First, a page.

Jump to content

Freestyle music

From Wikipedia, the free encyclopedia
(Redirected from Latin freestyle)

Freestyle,[10] or Latin freestyle[4] (initially called Latin hip hop) is a form of electronic dance music that emerged in the New York metropolitan area, Philadelphia, and Miami, primarily among Black, Afro Latino, Hispanic Americans and Italian Americans in the 1980s.[2] It experienced its greatest popularity from the late 1980s until the early 1990s. A common theme of freestyle lyricism originated as heartbreak in an urban environment typified by New York City.

An important precursor to freestyle is 1982's "Planet Rock" by Afrika Bambaataa & Soul Sonic Force. Shannon's 1983 hit "Let the Music Play" is often considered the first freestyle song and the first major song recorded by a Latin American artist is "Please Don't Go" by Nayobe from 1984. From there, freestyle gained a large presence in American clubs, especially in New York and Miami. Radio airplay followed in the mid 1980s.[11]

Performers such as Exposé, Lisa Lisa and Cult Jam, Stevie B and Sweet Sensation gained mainstream chart success with the genre in the late 1980s and early 1990s, but its popularity largely faded by the end of the decade. Both classic and newer freestyle output remain popular as a niche genre in Brazil (where it is an influence on funk carioca), Germany and Canada.


1982–1987: Origin[edit]

Freestyle music developed in the early 1980s, primarily simultaneously in the Hispanic (mainly Puerto Rican) communities of Upper Manhattan and The Bronx and in the Italian-American communities in Brooklyn, the Bronx, and other boroughs of New York City, New Jersey, Westchester County and Long Island. It initially was a fusion of synthetic instrumentation and syncopated percussion of 1980s electro, as favored by fans of breakdancing. Sampling, as found in synth-pop music and hip-hop, was incorporated. Key influences include Afrika Bambaataa & Soul Sonic Force's "Planet Rock" (1982) and Shannon's "Let the Music Play" (1983), the latter was a top-ten Billboard Hot 100 hit.[12] In 1984, a Latin presence was established when the first song recorded in the genre by a Latin American artist, "Please Don't Go", by newcomer Nayobe (a singer from Brooklyn and of Afro-Cuban descent) was recorded and released.[13] The song became a success, reaching No. 23 on the Billboard Hot Dance Music/Club Play chart. In 1985, a Spanish version of the song was released with the title "No Te Vayas". By 1987, freestyle began getting more airplay on American pop radio stations. Songs such as "Come Go with Me" by Exposé, "Show Me" by the Cover Girls, "Fascinated" by Company B, "Silent Morning" by Noel, and "Catch Me (I'm Falling)" by Pretty Poison, brought freestyle into the mainstream. House music, based partly on disco rhythms, was by 1992 challenging the relatively upbeat, syncopated freestyle sound.[14] Pitchfork considers the Miami Mix of ABC's single "When Smokey Sings" to be proto-freestyle, despite that version being released in 1987.[15] Many early or popular freestyle artists and DJs, such as Jellybean, Tony Torres, Raul Soto, Roman Ricardo, Lil Suzy, and Nocera were of Hispanic or Italian ancestry, which was one reason for the style's popularity among Hispanic Americans and Italian Americans in the New York City area and Philadelphia.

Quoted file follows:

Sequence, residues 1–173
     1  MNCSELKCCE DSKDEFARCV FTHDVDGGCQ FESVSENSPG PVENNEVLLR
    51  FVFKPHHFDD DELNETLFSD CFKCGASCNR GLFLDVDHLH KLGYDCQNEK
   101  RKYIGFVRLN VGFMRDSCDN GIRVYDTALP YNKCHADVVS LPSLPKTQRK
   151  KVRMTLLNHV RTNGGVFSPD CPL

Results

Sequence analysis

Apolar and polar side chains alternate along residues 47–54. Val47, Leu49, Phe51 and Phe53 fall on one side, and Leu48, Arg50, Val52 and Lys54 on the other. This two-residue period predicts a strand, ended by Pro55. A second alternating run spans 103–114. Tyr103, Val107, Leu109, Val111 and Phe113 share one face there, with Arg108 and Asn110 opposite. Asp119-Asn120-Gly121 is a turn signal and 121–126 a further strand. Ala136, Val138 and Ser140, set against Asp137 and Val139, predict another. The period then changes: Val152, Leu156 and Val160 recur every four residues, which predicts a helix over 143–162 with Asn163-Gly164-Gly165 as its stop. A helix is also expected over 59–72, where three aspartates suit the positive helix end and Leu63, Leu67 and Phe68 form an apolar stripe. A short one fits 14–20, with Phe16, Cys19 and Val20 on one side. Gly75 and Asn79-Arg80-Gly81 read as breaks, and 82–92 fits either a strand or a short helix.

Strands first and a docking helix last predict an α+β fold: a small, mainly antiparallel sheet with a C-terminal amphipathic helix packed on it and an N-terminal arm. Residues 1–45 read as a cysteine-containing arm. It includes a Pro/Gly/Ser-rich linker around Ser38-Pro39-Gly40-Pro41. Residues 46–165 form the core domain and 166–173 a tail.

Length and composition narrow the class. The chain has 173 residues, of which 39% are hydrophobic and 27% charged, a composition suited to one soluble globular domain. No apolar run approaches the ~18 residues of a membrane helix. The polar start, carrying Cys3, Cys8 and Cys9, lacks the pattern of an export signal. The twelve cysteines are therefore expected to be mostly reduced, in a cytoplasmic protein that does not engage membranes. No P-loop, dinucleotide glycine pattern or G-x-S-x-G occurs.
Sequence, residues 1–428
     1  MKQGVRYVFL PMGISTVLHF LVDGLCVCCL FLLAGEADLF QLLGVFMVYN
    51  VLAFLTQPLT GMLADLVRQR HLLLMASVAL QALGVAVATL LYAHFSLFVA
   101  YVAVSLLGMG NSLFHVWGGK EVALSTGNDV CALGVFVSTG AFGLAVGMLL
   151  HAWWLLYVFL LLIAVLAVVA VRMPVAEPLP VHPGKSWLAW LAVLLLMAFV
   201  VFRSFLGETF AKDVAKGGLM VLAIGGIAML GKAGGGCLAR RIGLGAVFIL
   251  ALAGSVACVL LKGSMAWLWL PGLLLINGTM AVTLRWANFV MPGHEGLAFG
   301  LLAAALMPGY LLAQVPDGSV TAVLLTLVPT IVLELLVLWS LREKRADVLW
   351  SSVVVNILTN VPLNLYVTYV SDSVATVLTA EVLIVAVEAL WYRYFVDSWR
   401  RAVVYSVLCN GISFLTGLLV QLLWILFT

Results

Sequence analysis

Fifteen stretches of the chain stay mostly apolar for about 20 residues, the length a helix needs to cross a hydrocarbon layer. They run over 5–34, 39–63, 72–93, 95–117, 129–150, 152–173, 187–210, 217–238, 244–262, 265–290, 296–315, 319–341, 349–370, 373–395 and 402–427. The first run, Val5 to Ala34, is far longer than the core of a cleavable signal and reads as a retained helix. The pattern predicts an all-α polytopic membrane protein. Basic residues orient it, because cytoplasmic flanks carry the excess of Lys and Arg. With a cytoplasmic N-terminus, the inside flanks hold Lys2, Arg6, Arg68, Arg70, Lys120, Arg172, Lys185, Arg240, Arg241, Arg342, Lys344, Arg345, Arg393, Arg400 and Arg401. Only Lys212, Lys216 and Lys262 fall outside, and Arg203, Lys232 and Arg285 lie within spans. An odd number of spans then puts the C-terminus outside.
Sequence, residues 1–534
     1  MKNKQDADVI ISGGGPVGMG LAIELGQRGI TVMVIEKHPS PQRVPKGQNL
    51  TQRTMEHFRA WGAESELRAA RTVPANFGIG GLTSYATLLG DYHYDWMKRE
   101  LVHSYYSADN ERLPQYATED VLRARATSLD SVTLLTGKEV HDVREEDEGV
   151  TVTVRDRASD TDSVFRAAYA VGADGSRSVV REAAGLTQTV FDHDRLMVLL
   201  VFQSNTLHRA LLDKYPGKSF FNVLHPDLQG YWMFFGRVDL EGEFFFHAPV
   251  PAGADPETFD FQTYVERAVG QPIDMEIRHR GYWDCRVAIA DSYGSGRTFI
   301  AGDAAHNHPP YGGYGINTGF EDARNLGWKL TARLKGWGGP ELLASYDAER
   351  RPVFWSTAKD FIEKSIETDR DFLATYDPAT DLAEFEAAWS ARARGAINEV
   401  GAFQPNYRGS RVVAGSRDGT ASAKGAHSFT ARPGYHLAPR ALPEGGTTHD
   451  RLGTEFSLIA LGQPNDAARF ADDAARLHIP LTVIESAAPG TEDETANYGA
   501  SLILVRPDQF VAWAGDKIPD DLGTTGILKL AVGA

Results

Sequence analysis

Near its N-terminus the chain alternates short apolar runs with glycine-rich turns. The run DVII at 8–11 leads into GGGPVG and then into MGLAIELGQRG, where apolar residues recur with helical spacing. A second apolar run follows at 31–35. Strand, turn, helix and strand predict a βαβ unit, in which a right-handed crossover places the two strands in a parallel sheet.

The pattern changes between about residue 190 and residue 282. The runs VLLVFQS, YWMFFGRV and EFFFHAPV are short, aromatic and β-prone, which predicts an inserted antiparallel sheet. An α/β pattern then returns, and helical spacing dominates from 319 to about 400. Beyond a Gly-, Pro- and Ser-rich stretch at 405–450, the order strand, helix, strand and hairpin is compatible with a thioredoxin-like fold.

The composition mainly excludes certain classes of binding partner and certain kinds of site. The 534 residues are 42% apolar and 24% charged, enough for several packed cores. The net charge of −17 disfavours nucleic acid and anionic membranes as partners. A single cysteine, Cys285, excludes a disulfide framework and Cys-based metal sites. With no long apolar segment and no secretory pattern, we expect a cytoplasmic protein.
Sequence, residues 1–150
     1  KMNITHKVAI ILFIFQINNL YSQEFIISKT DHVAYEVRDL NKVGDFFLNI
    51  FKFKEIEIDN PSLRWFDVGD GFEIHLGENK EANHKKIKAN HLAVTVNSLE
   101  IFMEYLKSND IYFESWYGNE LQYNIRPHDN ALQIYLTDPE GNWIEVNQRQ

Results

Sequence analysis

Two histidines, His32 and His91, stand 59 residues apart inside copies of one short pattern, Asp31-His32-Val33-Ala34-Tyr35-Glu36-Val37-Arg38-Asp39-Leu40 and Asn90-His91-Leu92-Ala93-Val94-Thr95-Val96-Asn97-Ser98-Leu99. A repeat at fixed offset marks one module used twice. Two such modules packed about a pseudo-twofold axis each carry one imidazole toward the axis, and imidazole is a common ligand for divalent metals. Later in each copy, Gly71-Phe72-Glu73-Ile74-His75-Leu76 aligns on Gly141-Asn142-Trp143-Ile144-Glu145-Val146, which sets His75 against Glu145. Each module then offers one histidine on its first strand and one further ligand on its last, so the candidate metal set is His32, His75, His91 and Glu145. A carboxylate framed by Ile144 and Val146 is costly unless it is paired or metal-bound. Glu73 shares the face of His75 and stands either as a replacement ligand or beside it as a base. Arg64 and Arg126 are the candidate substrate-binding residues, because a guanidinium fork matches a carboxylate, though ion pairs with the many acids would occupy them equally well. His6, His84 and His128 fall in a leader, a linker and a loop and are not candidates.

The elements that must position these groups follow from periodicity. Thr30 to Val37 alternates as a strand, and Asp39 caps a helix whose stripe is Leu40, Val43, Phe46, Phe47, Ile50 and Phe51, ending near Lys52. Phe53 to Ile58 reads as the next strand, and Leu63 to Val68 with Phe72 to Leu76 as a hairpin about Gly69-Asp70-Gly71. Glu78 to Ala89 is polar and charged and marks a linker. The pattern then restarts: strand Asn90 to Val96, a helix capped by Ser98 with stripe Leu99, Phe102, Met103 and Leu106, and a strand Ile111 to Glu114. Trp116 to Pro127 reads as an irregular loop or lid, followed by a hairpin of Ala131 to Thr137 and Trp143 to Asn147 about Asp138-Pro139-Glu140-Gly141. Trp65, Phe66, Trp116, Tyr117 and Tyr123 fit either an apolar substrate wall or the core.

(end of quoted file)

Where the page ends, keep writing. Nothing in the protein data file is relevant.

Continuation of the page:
1988: pop crossover[edit]

Freestyle's Top 40 Radio airplay started to really take off by 1987, and it began to disappear from the airwaves in the early 1990s[14] as radio stations moved to Top 40-only formats. Artists such as George Lamond, Exposé, Sweet Sensation, and Stevie B were still heard on mainstream radio, but other notable freestyle artists did not fare as well. Carlos Berrios and Platinum producer Frankie Cutlass used a freestyle production on "Temptation" by Corina and "Together Forever" by Lisette Melendez. The songs were released in 1991, almost simultaneously, and caused a resurgence in the style when they were embraced by Top 40 radio. "Temptation" reached the number 6 spot on the Billboard Hot 100 Chart. These hits were followed by the success of Lisa Lisa and Cult Jam, who had been one of the earliest freestyle acts. Their records were produced by Full Force, who had also worked with UTFO and James Brown.